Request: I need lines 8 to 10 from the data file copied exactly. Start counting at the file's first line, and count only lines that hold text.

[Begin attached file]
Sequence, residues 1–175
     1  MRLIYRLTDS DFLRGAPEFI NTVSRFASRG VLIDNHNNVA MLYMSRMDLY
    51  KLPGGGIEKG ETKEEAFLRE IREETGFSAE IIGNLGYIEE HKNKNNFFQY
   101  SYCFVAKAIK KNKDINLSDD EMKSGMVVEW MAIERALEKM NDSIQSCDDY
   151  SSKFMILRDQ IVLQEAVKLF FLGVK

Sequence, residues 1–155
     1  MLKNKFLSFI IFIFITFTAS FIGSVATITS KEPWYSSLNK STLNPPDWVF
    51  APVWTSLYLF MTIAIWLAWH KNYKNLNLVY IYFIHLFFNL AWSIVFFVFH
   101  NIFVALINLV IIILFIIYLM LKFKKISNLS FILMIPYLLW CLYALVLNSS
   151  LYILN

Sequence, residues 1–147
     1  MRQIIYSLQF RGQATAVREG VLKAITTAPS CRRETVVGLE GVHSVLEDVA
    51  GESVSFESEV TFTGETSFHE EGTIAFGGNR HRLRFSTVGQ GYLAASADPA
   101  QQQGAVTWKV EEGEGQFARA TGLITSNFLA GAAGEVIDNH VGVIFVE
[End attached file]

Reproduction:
    51  APVWTSLYLF MTIAIWLAWH KNYKNLNLVY IYFIHLFFNL AWSIVFFVFH
   101  NIFVALINLV IIILFIIYLM LKFKKISNLS FILMIPYLLW CLYALVLNSS
   151  LYILN